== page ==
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Fascinating, elegant, and mysterious to watch in the water, take a jellyfish out of the water, and it becomes a much less fascinating blob. This is because jellyfish are about 95 percent water.

“Jellyfish” is a decidedly unscientific term—the creatures are not fish and are more rubbery than jamlike—but scientists use it all the same (though one I spoke with prefers his own coinage, “gelata”). The word “jellyfish” lumps together two groups of creatures that look similar but are unrelated. Scientists call them "jellies".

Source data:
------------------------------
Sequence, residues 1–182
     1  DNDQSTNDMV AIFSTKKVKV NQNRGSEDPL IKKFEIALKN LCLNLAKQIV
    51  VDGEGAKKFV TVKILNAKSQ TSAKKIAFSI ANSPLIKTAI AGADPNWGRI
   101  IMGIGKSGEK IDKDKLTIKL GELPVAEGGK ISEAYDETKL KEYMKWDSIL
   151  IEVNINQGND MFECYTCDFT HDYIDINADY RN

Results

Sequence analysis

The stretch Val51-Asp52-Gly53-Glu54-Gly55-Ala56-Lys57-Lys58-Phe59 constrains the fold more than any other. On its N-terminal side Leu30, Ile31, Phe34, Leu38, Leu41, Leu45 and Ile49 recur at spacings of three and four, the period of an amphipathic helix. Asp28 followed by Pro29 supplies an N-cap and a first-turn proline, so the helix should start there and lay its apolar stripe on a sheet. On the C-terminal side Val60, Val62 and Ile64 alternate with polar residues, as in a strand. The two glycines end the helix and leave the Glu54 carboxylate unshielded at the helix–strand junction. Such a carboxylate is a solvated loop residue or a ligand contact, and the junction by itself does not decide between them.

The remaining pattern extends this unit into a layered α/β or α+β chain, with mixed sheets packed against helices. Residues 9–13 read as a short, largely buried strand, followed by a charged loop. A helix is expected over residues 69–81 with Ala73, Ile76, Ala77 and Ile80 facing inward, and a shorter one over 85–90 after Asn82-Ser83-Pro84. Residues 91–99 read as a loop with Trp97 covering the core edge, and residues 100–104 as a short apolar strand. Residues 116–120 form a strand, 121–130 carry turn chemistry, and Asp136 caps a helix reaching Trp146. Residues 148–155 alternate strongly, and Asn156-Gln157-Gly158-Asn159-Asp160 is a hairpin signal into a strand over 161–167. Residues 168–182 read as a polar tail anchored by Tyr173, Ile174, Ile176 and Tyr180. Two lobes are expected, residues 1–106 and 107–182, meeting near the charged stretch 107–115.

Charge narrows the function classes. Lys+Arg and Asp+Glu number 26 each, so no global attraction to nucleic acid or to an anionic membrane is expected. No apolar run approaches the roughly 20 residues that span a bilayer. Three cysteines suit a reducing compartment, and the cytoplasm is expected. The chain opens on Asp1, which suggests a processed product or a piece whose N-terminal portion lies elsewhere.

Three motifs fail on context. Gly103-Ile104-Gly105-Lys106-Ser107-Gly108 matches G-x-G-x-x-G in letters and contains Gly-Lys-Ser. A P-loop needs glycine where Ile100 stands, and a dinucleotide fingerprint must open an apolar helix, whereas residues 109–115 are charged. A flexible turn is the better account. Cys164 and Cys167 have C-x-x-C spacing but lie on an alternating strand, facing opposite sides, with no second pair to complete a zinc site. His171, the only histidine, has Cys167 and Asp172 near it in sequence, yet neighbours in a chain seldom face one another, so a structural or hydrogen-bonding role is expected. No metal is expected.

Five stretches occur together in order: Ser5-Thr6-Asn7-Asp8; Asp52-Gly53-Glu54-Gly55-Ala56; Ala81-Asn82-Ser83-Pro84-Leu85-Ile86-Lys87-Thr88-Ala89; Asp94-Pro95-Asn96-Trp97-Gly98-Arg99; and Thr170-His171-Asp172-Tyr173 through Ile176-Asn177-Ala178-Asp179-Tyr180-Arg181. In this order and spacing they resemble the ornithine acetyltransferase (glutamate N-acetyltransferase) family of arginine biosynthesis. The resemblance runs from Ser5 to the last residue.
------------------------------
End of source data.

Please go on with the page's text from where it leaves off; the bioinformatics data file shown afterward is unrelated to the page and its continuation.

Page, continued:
Lacking brains, blood, or even hearts, jellyfish are pretty simple critters. They are composed of three layers: an outer layer, called the epidermis; a middle layer made of a thick, elastic, jelly-like substance called mesoglea; and an inner layer, called the gastrodermis. An elementary nervous system, or nerve net, allows jellyfish to smell, detect light, and respond to other stimuli. The simple digestive cavity of a jellyfish acts as both its stomach and intestine, with one opening for both the mouth and the anus.

[Via NOAA]